Structural Functionalism Approach to Political Science

3672 Words Jun 19th, 2013 15 Pages
PS 101: INTRODUCTION TO POLITICAL SCIENCE Fall 2003 Professor Marc Ross Overview. What is politics and how do political scientists study it? If this question were asked about one of the natural sciences, students would be given a short definition, examples of key problems it addresses, and an overview of the methods employed in the field. Political science, however, cannot offer a clear single answer. Rather, political scientists study politics in a wide range of settings and in a variety of ways. Among political scientists there is great disagreement about what the field's core questions are and how best to study them. As a result the majority of political science departments in the United States do not offer an introduction to the field …show more content…
Another focus is on the tensions between diversity and democracy in the contemporary world. The final section of the course examines international relationships focusing primarily, but the entirely, on the question of inter-state relations for some of the authors we will consider emphasize ways in which the nation-state is but one of many international actors. Of particular importance are the different kinds of conflicts found in the international system and the paucity of institutions and practices to manage them constructively. Assignments. Students are expected to complete the assigned readings before each class and come ready to raise questions and to participate in class discussions. There is a good deal of reading assigned and you should only take this course if you are prepared to complete it on time. Class participation is important and attendance matters and will be part of your grade. In addition to the assigned readings, it is expected that students will read a daily newspaper such as the Philadelphia Inquirer or The New York Times and one of the goals of the course is to connect current political events to the analytic questions covered in the course. Logs. Each student will write seven logs consisting of a paragraph to a page of reactions to material in the readings or in recent classes. The logs provide a way for students to formulate their thoughts about specific theories, to raise questions, to ask for clarification, and to make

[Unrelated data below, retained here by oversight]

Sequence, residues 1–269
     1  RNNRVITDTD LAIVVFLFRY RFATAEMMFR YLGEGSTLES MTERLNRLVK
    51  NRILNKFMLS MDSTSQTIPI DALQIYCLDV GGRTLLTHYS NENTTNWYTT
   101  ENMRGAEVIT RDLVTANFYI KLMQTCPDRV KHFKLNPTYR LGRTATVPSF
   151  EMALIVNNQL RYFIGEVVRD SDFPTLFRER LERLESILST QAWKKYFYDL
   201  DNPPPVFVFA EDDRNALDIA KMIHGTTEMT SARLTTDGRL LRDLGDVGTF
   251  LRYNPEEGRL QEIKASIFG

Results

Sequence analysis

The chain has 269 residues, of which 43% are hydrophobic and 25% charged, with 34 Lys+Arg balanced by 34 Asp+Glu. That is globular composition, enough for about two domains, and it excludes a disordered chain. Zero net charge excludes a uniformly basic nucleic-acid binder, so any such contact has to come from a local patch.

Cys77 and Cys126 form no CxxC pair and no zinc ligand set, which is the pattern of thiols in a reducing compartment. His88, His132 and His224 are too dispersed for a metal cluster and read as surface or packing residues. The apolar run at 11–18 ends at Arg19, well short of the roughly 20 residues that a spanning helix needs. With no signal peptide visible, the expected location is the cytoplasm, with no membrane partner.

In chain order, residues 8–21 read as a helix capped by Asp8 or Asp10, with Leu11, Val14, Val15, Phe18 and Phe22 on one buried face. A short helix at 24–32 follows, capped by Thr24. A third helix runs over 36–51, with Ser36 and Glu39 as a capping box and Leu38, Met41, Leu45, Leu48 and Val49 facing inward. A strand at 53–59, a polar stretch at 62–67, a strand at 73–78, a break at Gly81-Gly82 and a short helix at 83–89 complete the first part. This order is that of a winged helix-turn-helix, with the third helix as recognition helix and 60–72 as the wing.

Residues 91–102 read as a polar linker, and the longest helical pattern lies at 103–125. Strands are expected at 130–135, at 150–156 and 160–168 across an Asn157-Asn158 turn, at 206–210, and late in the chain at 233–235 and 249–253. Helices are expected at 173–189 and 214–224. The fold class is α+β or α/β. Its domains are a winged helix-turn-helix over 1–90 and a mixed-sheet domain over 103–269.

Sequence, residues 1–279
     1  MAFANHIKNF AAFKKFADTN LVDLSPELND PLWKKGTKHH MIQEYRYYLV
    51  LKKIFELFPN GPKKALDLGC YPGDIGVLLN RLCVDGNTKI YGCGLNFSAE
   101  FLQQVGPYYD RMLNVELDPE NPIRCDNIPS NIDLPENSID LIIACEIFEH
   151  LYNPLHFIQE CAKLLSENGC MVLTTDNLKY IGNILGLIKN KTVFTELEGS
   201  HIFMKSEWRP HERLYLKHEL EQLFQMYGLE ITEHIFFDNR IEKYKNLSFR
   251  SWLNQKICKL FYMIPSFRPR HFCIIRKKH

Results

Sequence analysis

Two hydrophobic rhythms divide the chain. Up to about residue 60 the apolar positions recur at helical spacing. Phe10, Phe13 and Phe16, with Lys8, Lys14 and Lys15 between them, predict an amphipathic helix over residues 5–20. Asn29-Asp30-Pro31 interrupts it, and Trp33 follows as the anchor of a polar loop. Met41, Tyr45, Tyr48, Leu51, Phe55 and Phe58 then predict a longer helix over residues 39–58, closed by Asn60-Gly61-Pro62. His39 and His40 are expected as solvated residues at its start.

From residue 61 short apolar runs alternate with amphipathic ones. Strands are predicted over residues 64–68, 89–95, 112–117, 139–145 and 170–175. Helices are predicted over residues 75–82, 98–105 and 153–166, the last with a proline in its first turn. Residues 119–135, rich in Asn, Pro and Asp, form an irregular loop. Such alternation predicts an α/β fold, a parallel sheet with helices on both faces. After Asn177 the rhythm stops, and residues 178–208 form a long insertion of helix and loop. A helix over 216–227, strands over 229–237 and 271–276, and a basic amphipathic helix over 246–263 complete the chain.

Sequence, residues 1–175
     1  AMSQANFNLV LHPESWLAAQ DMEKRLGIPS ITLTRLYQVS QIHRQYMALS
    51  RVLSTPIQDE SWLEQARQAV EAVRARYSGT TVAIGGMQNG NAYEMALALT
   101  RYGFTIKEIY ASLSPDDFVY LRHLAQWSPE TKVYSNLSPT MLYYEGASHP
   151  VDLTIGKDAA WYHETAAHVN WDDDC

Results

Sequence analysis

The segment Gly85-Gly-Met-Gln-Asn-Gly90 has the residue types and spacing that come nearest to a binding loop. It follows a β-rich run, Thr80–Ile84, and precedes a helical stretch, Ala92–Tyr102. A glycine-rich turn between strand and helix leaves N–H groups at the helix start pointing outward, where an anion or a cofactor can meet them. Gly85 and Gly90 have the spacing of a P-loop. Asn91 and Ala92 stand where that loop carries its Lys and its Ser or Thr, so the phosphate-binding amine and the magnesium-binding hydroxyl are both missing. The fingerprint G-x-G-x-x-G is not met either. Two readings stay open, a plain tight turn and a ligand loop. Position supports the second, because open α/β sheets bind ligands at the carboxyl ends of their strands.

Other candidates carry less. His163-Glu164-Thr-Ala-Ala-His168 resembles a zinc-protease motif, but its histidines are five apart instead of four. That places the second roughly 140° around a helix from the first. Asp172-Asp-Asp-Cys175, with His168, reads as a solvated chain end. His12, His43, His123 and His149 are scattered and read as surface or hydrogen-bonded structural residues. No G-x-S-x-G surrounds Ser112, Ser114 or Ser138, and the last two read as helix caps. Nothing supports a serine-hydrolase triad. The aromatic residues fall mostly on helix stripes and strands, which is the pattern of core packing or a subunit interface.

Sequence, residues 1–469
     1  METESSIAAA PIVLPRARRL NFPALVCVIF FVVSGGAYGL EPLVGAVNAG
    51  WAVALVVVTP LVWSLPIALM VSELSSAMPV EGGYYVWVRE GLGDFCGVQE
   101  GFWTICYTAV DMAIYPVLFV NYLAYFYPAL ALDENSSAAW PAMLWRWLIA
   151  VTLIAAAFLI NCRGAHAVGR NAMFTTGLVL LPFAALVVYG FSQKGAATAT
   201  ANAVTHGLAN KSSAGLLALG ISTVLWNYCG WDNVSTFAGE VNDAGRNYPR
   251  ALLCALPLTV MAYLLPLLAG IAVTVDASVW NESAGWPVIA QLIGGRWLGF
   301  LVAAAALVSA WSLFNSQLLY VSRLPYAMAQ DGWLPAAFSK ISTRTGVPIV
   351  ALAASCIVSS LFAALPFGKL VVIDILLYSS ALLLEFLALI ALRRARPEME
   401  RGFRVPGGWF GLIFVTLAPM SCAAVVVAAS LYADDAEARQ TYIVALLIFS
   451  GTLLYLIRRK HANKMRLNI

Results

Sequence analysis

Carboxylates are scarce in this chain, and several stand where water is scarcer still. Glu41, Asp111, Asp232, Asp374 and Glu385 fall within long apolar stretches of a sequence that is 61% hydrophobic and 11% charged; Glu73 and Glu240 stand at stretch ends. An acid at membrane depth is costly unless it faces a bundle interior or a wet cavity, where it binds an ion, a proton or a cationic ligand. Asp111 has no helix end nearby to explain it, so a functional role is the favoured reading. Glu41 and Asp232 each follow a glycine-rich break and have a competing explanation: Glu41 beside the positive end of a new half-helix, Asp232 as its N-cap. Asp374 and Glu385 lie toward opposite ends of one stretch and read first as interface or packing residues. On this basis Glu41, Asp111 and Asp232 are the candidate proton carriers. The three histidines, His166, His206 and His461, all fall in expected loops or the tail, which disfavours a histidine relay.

Open Document